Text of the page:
# How is this random variable $Y$ defined rigorously?

I have come across this question and gave it a try. To not distort the content, I post the original question in French.

On se donne $$X$$ une variable aléatoire tirée selon une loi de Poisson de paramètre $$2$$. On lance alors $$X$$ dés et on note $$Y$$ le nombre de $$1$$ obtenus sur les dés. Déterminer $$\mathbb{E}[Y | X]$$.

Translation: Let $$X$$ be a random variable drawn according to a Poisson distribution of parameter $$2$$. We throw $$X$$ dice and we note $$Y$$ the number of $$1$$ obtained on the dice. Determine $$\mathbb{E}[Y \mid X]$$.

Could you please confirm if my solution is correct?

We have $$Y1_{\{X=n\}} \sim \operatorname{Binomial}(n, 1/6)$$. Then $$\mathbb E[Y1_{\{X=n\}}] = n/6$$. Also, $$\mathbb E[Y|X] = \sum_{n=0}^\infty \frac{\mathbb E [Y1_{\{X=n\}}]}{\mathbb P[X=n]}1_{\{X=n\}} = \sum_{n=0}^\infty \frac{n/6}{2^n e^{-2}/n!}1_{X=n} = \sum_{n=0}^\infty \frac{nn!}{6.2^n e^{-2}}1_{\{X=n\}}.$$

• Naively, I write "$$Y|X \sim \operatorname{Binomial}(X, 1/6)$$" and get $$\mathbb E[Y|X] = X/6$$. But we never define $$Y|X$$ in probability theory. As such, I feel the the crux is to write the mathematical form of $$Y$$.

• What is the mathematical expression of the sentence "We throw $$X$$ dice and we note $$Y$$ the number of $$1$$ obtained on the dice"?

• If $$A$$ is a measurable set and $$f$$ a measurable function, the expression $$Y := X1_A$$ or $$Y := f(X)$$ makes sense to me. Another example is the expression of conditional expectation $$\mathbb E[Z|X]$$. This is what I meant by "mathematical expression", i.e., a well-defined formula.

• Of course, $$Y$$ and $$X$$ in the exercise is related by "We throw $$X$$ dice and we note $$Y$$ the number of $$1$$ obtained on the dice". What I'm looking for is a mathematical expression of this sentence.

• To avoid subtle misconception, I prefer a measure-theoretic construction of $$Y$$.

• AFAIK, this is an English-language site. You shouldn't be posting questions in French. Even without knowing French, I can say pretty surely that your answer isn't correct: $\mathbb E(Y \mid X)$ is a random variable, with randomness due to $X$. So, unless $X$ is a constant (almost surely), then $\mathbb E(Y \mid X)$ can't be just a real number, as you are claiming Commented Nov 12, 2021 at 22:23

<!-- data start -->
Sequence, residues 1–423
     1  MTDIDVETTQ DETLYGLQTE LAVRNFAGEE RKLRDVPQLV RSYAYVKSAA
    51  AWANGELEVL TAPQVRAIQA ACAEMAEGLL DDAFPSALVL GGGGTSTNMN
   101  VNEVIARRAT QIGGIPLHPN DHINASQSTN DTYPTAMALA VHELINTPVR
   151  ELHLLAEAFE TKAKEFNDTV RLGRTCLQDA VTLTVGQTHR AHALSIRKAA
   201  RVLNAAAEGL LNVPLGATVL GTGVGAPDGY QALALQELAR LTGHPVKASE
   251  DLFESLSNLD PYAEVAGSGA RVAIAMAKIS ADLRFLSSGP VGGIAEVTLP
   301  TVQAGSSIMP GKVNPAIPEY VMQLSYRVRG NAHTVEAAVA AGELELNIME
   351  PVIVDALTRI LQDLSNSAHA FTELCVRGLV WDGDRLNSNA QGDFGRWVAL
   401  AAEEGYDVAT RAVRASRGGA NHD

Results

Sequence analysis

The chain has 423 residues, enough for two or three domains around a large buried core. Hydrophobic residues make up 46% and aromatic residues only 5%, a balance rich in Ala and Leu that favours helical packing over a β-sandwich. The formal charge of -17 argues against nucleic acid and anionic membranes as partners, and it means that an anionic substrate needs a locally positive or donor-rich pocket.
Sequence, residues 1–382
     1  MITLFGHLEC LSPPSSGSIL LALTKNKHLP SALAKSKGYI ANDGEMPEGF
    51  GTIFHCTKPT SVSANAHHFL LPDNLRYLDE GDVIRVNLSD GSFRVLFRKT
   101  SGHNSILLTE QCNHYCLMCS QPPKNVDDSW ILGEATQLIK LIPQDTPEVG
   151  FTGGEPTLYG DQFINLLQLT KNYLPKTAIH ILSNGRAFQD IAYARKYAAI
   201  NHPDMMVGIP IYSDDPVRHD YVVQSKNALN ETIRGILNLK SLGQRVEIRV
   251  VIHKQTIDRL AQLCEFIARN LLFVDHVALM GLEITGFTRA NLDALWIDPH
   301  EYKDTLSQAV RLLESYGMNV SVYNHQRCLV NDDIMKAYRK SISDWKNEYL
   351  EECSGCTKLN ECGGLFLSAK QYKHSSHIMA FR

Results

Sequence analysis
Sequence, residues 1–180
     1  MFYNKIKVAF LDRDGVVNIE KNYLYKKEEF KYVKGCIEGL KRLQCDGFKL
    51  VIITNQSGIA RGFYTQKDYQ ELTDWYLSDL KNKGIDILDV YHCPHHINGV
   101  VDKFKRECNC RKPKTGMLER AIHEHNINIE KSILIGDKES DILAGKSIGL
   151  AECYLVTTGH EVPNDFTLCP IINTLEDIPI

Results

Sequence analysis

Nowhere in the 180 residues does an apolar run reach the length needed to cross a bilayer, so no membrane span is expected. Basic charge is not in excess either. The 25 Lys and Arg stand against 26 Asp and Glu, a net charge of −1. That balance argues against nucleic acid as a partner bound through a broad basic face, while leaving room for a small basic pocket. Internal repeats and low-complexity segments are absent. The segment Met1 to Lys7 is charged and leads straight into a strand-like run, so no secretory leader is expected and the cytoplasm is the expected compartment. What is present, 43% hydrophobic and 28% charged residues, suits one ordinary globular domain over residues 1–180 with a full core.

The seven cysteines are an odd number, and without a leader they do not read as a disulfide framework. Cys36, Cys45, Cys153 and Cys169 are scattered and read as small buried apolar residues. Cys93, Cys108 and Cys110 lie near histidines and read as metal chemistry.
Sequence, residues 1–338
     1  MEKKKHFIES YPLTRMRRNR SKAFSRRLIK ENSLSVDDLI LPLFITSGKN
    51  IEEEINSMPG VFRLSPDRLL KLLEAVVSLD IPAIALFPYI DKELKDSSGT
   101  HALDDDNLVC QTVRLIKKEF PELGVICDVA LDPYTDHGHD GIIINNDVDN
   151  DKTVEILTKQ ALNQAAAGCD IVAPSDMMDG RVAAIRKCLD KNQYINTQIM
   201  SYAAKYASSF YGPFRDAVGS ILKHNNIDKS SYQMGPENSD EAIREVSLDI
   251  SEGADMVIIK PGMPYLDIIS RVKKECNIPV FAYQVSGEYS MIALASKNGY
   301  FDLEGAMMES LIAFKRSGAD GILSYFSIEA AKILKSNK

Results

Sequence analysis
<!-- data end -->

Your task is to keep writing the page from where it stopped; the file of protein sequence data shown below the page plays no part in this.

• I think yo u are misunderstanding some definitions. This question is much simpler than you are making it: the answer is just $X/6$. The distribution of $X$ is irrelevant. Commented Nov 12, 2021 at 22:26
• @SamOT I'm actually not fluent in French. That's why I hesitated to put a translation by Deepl.com. Now it has been added. Commented Nov 12, 2021 at 22:26
• You have taken your calculations too far. Your $\mathbb E[Y1_{\{X=n\}}] = n/6$ does not look quite correct to me and I think you could have written $\mathbb E[Y \mid X=n] = n/6$ and so $\mathbb E[Y \mid X] = X/6$. I would have read $\mathbb E[Y1_{\{X=n\}}]$ as $\frac{n}{6} e^{-2}2^n / n!$ and when you divide it by $e^{-2}2^n / n!$ you get $\frac{n}{6}$ Commented Nov 12, 2021 at 22:27
• You are correct that $Y \mid X$ is not particularly meaningful. But $\mathbb E[Y \mid X]$ in the sense that if $g(n)=\mathbb E[Y \mid X=n]$ then $\mathbb E[Y \mid X] = g(X)$. You would have $\mathbb E[Y1_{\{X=n\}}] = \mathbb E[Y1_{\{X=n\}} \mid X=n] \mathbb P(X=n) +E[Y1_{\{X=n\}} \mid X\not =n] \mathbb P(X\not=n)$ $=\mathbb E[Y\mid X=n] \mathbb P(X=n)+0$ Commented Nov 13, 2021 at 0:35